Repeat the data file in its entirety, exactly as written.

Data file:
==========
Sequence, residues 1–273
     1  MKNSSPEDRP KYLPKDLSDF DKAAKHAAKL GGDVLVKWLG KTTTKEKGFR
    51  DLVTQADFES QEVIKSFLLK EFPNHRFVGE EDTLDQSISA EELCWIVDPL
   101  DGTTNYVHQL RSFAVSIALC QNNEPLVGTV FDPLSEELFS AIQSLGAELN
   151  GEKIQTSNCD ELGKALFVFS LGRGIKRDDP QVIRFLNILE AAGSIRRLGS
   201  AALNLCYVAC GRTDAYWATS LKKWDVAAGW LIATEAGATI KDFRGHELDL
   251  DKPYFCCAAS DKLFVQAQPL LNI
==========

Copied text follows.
Sequence, residues 1–273
     1  MKNSSPEDRP KYLPKDLSDF DKAAKHAAKL GGDVLVKWLG KTTTKEKGFR
    51  DLVTQADFES QEVIKSFLLK EFPNHRFVGE EDTLDQSISA EELCWIVDPL
   101  DGTTNYVHQL RSFAVSIALC QNNEPLVGTV FDPLSEELFS AIQSLGAELN
   151  GEKIQTSNCD ELGKALFVFS LGRGIKRDDP QVIRFLNILE AAGSIRRLGS
   201  AALNLCYVAC GRTDAYWATS LKKWDVAAGW LIATEAGATI KDFRGHELDL
   251  DKPYFCCAAS DKLFVQAQPL LNI